Research shows NHS may get worse after reorganisation
The King’s Fund has undertaken interview-based research with 45 NHS finance chiefs which has raised doubts about the quality of care after the upcoming NHS reorganisation.
The NHS has been told to save £20 billion by 2015 through becoming more productive. To do so, it will undergo the biggest reorganisation since its creation.
The majority of NHS finance chiefs said they were currently managing to make savings without affecting the quality of services provided. However, the King’s Fund think-tank said 19 expected care to worsen over the next few years and that 2013 could mark the turning point. Only eight out of 45 believed it would improve after the reorganisation.
Incredibly, 27 of the NHS finance chiefs who took part in the online questionnaire also admitted the risk that the NHS would not meet its £20 billion target is very high.
Despite the fact the coalition government promised to protect the NHS from savage cuts, there is now a high alert in order to make sure there are no failings during this transition period. In an interview with the BBC, Sir David Nicholson said the coming months were “significant”.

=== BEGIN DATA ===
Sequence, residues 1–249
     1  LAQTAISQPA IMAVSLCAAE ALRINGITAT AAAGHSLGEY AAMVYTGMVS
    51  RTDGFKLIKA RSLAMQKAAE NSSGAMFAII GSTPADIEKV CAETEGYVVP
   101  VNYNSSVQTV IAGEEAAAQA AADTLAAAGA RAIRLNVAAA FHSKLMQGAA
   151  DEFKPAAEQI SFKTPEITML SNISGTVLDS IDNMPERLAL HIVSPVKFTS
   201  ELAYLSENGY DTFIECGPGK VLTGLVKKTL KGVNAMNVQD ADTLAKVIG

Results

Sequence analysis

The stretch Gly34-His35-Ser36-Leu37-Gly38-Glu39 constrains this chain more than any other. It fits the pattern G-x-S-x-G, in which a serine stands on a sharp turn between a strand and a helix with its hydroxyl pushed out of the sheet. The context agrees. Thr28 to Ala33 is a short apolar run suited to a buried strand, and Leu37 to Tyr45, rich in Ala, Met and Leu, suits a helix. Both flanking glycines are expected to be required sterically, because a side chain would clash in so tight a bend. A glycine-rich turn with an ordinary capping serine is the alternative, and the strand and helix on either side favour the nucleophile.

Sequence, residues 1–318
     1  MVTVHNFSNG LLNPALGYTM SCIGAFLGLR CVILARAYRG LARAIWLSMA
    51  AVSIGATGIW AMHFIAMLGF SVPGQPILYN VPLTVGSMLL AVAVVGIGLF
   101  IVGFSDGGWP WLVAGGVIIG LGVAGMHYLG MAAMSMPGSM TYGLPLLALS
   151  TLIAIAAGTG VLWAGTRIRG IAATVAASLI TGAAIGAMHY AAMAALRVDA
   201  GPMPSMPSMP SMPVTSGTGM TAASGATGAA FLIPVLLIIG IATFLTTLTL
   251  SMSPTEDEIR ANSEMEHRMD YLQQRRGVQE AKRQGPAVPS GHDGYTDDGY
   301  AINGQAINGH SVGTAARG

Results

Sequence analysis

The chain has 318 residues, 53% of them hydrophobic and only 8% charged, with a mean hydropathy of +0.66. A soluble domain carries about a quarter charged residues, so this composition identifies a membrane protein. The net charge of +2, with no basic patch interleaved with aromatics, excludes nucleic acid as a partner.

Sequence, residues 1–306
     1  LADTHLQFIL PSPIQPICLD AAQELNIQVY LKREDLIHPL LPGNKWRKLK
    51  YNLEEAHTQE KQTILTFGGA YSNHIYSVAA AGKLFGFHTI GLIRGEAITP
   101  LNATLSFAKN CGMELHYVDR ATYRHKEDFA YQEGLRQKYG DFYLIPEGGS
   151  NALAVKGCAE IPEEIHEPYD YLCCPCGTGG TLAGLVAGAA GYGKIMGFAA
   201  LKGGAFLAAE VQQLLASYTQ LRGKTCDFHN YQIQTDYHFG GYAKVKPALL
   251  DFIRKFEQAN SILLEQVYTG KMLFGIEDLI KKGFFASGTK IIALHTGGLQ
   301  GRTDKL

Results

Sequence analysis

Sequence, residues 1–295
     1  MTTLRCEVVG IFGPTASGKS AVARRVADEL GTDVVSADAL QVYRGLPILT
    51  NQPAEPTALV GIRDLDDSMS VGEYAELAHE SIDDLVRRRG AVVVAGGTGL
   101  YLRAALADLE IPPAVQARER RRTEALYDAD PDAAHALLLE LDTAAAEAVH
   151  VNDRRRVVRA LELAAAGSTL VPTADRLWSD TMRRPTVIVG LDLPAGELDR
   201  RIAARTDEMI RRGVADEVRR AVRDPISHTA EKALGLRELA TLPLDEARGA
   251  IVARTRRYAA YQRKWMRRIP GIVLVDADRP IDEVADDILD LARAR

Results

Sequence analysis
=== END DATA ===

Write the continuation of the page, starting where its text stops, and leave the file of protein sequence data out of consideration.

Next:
Main changes to the NHS structure concern decision-making processes and budget responsibilities. Under the reorganisation, GP-led bodies, called clinical commissioning groups (CCGs), will take charge of much of the NHS budget, replacing primary care trusts (PCTs), which will be abolished. Local councils will have a more important role in addressing public health issues, such as obesity, in their local areas. A national body called Healthwatch, with local groups, is being set up to enable patients to have their say about the NHS.
Uncertainties about the outcome of the NHS structural and financial reorganisation are shared by Prof John Appleby, chief economist at the King’s Fund, who said: “There are signs that future years will be harder. The end of the public sector pay freeze next April may add to financial pressure and increase the strain on services.”
Professor Appleby, speaking of the challenges the NHS may face, added: “The difficulty will be finding ways to absorb these costs without compromising the quality of care for patients.”
Despite the King’s Fund concern and the survey’s results, the Health Minister Lord Howe stated the NHS was “on track” to achieve its savings target.
He confirmed that the NHS last year made savings of £5.8 billion whilst maintaining a good performance.